Ray Wipfli was 10 years old in March 2014 when, just back from a trip to Uganda with mom Heather, he shared at a TEDx speaking event how he'd bonded with Ugandan children over their shared love of soccer.
"They were very different from you or me," a then-Paradise Canyon student told the audience. "[But] when we played together, we all had a good time because we all worked toward a shared goal."
From that discussion sprung a philanthropic effort, organized under the nonprofit Ray United LC, to bring donated soccer equipment, nutritious meals and medical services to the remote Ugandan village of Mpigi via a soccer camp. But that was just the beginning.
So far, Ray United has helped raise more than $130,000 to fund soccer training and health education camps that have reached more than 3,000 youth. With the help from his mom, director of USC's Institute for Global Health, Ray set an ambitious goal in 2015 to replicate what was done in Mpigi in other villages and regions, each year, over the next four years.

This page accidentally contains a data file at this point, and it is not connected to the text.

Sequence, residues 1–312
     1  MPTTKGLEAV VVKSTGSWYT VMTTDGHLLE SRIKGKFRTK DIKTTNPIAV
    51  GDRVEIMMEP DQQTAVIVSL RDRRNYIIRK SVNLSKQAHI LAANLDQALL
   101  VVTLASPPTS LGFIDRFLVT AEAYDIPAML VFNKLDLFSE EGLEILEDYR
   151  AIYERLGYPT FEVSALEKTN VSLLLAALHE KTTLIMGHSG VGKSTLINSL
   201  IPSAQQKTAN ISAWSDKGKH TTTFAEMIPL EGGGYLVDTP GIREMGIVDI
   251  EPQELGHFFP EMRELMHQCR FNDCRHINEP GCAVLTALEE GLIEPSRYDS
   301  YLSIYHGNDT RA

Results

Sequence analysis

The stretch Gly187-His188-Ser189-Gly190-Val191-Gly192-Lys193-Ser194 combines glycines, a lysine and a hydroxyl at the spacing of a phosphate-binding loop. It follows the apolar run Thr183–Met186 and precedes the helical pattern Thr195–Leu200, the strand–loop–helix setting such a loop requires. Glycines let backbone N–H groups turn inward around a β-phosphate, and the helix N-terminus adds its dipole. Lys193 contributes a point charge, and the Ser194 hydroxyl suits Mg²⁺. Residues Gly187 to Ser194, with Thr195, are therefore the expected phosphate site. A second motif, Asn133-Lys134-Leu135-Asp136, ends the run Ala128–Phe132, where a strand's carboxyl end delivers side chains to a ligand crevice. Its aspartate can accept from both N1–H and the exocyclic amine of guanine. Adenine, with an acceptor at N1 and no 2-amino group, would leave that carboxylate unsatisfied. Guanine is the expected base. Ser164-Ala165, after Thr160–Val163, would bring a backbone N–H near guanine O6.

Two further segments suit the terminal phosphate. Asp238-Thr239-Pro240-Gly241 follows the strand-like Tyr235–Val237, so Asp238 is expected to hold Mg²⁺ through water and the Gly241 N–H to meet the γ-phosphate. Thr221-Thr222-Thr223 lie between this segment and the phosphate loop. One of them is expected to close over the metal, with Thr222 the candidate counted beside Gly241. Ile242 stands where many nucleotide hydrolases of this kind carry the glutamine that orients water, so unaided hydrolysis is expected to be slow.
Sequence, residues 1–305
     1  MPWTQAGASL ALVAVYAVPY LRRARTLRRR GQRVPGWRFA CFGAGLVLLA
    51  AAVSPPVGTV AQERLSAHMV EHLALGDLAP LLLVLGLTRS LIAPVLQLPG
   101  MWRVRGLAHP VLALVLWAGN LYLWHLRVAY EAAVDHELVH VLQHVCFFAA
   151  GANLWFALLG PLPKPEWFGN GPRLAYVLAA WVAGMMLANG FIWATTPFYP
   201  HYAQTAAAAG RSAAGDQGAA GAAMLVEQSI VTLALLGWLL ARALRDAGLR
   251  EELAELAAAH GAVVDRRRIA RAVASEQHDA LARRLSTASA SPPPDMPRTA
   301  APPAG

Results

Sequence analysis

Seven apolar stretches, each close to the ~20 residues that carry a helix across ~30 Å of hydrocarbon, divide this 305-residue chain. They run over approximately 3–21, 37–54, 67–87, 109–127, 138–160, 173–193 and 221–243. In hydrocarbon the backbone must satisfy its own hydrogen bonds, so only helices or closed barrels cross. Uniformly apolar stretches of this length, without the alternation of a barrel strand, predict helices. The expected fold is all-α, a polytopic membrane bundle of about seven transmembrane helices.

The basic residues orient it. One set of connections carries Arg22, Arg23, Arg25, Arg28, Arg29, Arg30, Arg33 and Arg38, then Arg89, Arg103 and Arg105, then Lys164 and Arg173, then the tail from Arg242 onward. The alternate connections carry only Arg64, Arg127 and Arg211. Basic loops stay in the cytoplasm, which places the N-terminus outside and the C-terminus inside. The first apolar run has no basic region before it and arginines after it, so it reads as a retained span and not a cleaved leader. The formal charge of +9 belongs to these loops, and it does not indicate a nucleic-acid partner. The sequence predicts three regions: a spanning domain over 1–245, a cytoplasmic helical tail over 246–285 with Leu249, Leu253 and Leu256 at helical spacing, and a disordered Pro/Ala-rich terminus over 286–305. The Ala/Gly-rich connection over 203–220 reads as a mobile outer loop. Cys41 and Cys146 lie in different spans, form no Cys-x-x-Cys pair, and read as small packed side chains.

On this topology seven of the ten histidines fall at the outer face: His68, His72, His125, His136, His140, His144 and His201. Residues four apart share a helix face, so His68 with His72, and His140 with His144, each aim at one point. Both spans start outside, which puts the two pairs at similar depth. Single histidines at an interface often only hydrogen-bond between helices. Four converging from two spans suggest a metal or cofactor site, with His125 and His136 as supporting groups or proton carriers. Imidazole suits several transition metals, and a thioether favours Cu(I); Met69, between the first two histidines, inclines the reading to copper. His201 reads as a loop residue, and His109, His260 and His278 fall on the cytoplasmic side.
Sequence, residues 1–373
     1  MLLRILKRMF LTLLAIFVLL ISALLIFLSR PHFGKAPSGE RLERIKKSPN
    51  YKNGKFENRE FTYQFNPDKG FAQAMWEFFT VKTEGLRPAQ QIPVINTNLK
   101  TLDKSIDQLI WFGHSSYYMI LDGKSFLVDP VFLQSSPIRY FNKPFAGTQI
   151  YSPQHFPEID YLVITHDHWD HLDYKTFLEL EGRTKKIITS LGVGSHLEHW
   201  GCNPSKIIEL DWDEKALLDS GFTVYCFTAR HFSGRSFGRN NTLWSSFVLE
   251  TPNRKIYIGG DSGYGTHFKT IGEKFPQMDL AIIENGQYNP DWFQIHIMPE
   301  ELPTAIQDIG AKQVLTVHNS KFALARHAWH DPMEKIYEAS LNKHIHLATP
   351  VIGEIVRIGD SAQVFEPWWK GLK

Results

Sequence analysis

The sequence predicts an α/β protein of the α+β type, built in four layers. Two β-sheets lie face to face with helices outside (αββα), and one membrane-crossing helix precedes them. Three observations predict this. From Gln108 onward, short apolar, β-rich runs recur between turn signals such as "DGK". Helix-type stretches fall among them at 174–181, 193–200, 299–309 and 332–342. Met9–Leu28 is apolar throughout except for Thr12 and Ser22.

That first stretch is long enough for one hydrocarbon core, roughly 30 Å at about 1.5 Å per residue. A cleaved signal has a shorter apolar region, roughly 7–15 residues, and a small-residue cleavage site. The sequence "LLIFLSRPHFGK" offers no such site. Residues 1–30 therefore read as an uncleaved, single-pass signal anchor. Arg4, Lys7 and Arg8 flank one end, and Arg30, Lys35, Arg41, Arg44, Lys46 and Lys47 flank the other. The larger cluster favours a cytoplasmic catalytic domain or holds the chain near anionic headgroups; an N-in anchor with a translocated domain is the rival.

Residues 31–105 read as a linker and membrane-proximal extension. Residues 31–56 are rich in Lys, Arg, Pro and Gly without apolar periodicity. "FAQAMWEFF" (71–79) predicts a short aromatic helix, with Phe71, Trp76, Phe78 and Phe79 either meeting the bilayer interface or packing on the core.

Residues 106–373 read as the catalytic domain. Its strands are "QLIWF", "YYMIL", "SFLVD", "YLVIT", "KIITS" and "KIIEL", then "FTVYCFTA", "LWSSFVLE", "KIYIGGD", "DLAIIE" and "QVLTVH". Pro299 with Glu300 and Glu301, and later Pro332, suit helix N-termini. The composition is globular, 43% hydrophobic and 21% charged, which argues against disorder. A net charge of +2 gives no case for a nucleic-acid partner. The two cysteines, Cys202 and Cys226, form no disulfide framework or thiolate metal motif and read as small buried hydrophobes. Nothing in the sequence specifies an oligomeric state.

Now a La Cañada High School freshman, the 14-year-old has raised funds by organizing 5K walks and soccer tournaments, selling T-shirts, handmade baskets and other items.
Over multiple visits, he's set up three soccer camps where Ugandan kids receive soccer training from professional Ugandan players, along with healthy meals, hygiene kits and soccer uniforms.
For his efforts, the La Cañada teen was recently named among 25 recipients of the Gloria Barron Prize for Young Heroes — an award that celebrates "inspiring, public-spirited young people from across North America who have made a significant positive difference to people and the environment," according to the group's website, barronprize.org.
Top winners receive a $5,000 cash award to support their service work or higher education. In a release issued Monday, Ray Wipfli shared his takeaway from 3½ years of philanthropy.
"I've learned that it takes hard work and sustained commitment to make change happen in the world," he said.
For more, visit rayunitedfc.org.